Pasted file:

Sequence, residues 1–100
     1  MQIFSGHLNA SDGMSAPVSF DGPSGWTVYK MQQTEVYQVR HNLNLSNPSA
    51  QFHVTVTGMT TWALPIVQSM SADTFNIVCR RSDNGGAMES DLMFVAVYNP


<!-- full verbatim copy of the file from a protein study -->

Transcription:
Sequence, residues 1–100
     1  MQIFSGHLNA SDGMSAPVSF DGPSGWTVYK MQQTEVYQVR HNLNLSNPSA
    51  QFHVTVTGMT TWALPIVQSM SADTFNIVCR RSDNGGAMES DLMFVAVYNP